Bitcoin block limit - trade-offs and outcomes

The discussion on the Bitcoin block limit is nothing new. A number of people have weighted in on this subject, myself included almost two years ago. So while the topic is not new, I still hear it being brought up every now and then. Since I came up with a novel approach to dealing with this issue that doesn't get mentioned that often, I figured I would make a blog entry on this subject.

But first, lets discuss what the problem is and what are its implications.

The problem

As some of you know, the Bitcoin blockchain was initially designed to have a limit of 1MB per block. This was done due to prevent the bloat and abuse of the network. However, if this limit is strictly enforced, the Bitcoin network would only be able to support a small number of transactions, about 7 transactions per second (compared to Visa's 2000 tps). Clearly, this won't be enough for a payment network that is supposed to replace the banks and credit cards. Either we will increase this size in some way, or we will see Bitcoin become a much different network.

The outcomes

Depending on whether the block size is increased or not and by how much would dictate how the Bitcoin network is shaped. Lets look over some possibilities.

Block size remains rigid

In this approach, the 1MB block size is rigid and remains unchanged. When we start hitting this limit, the miners will be able to pick and choose which transactions to include in the block. Rational miners will pick the transactions that pay them the most in fees (proportionally to their size), thus there will be a bidding war to get into the next block.

Due to the increased cost, fewer people will opt to send transactions themselves, either leaving Bitcoin entirely, or by performing some off-chain settlement. Wallet services such as CoinBase could become more like banks - offering their customers settlement with other people on their platform and other platforms that accept off-chain settlement.

In this scenario, Bitcoin becomes a settlement method for large bank-like wallets and large corporations.

Block size limit is abolished

A polar opposite of the previous approach. The block size limit is completely abolished and miners can create arbitrarily big blocks. While anyone can create a transaction for cheap, the network would soon be attacked by malicious entities trying to push the limit. Someone could decide to generate a 1GB block for example and cause the network to grind to a halt while synchronizing.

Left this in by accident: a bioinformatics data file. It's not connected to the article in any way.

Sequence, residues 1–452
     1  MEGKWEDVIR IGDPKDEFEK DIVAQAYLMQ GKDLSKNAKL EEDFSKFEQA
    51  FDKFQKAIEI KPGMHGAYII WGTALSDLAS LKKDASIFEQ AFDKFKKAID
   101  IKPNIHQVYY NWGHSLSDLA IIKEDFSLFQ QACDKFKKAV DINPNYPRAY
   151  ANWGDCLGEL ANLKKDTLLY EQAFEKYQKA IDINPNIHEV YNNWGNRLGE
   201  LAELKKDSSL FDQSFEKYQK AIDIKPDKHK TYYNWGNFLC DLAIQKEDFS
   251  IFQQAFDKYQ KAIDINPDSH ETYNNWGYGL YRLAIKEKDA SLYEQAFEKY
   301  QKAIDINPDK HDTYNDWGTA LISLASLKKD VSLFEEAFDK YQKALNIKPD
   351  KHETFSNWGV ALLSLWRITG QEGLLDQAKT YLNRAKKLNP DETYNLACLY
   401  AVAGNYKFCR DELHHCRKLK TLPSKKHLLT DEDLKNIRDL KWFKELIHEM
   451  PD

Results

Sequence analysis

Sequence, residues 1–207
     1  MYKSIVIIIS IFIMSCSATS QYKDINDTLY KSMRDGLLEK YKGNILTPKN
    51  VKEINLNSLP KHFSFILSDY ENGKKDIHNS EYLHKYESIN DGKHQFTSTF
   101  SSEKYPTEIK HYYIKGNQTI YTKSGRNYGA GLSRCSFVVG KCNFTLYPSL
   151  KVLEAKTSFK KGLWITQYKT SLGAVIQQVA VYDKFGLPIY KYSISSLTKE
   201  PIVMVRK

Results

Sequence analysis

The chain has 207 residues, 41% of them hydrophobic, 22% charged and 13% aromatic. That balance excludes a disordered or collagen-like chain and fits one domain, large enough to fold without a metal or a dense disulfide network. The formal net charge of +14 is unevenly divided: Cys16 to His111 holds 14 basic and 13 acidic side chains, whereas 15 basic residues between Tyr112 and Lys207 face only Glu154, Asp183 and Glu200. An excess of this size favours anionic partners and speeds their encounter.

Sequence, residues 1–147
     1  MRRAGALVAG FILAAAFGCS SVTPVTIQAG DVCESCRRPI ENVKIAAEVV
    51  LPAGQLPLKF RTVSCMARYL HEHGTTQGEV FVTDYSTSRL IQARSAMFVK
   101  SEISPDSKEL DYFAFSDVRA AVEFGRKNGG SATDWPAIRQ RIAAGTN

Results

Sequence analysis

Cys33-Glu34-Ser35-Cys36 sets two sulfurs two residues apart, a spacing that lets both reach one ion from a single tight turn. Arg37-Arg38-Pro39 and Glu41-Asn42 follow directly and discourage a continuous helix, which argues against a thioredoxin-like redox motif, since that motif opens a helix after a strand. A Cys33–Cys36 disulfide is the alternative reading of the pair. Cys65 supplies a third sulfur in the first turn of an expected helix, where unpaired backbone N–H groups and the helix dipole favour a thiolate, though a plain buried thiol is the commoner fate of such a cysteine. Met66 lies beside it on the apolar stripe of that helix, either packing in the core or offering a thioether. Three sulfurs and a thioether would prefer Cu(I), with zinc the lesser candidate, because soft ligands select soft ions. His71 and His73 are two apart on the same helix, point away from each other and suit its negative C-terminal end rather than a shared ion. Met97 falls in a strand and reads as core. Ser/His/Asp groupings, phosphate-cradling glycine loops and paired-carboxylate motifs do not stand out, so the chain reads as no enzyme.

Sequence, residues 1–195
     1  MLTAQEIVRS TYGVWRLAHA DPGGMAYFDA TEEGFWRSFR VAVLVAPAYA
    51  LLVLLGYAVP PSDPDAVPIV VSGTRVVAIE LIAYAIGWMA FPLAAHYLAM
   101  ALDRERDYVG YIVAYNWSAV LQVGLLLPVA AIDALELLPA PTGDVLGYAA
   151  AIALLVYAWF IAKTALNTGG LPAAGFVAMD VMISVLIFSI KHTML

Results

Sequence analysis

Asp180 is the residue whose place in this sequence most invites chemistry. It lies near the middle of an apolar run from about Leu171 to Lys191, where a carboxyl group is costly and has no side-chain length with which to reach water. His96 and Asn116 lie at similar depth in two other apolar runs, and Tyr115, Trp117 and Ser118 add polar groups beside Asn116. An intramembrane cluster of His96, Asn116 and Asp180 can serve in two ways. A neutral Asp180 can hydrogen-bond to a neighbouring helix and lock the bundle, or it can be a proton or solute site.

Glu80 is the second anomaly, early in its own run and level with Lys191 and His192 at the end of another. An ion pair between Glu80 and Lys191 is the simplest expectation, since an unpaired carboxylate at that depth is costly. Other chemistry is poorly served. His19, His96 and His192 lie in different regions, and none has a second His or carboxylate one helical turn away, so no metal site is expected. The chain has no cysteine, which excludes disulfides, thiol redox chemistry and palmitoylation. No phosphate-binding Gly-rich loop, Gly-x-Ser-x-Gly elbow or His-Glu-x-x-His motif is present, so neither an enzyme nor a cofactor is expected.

Quite quickly running a full node becomes a luxury or a business. We see more reliance on Stratum-like supernodes. The functionality of the network is dictated by them.

In this scenario, the Bitcoin network turns into something like the modern Internet - only big players can access it directly and everyone else has to rely on something like Bitcoin-Internet Service Providers.

The middle-ground

As with all things, we will probably see some middle-ground. We will probably have some limit in place but it will be systemically raised over time as the network grows. As to how it will be done, we will see.

That being said, I would like to describe an idea I had awhile back as to how to remove the block limit, while still disincentivizing the miners from creating large blocks.

An economic solution

The miners have a financial incentive to include any transaction with a fee into the block they are mining, since the cost to do so is negligible. Now, if the miners had a cost associated with adding those transactions in, the problem would solve itself. The miners wouldn't be able to include an arbitrary number of transactions in, while they would still be flexible to include a large number of well-paid-for legitimate transactions.

The question is - how do you make the miner pay? Obviously, you can't just enforce a transaction fee that would go back into the block. This would lead to the miner paying themselves in bogus fees.

There are two approaches to take - either the miner can pay in Bitcoin, or in their hashing power.

To pay in Bitcoin, the miner would have to destroy some BTC permanently. This would be the only way to ensure they are actually paying the fee. This approach would mess with the distribution curve of Bitcoin and decrease the amount of coins in circulation. Generally, a lot of people wouldn't like this approach and it's not too elegant.

To pay in the hashing power, the difficulty of a given block would have to scale with its size. Say, up to 1MB would be 1x the expected difficulty, 2MB could be 2x, 10MB 10x, etc. This would mean that only the transactions that pay proportionally more than the current block reward over 1MB would be profitable to include into the block. The relation could be linear, quadratic, or any other shape as needed to create work-reward ratio. As such, while there wouldn't be a strict block size limit, the miners would most likely be mining 1MB blocks until people would be paying enough to noticeably subsidize the miners for their effort. All in all, a more elegant solution.


The problem of the Bitcoin block size limit will have to be addressed in the coming years. If the problem is properly handled, we could see the network continuing to function as normal. There are many approaches that can be taken to address this issue.

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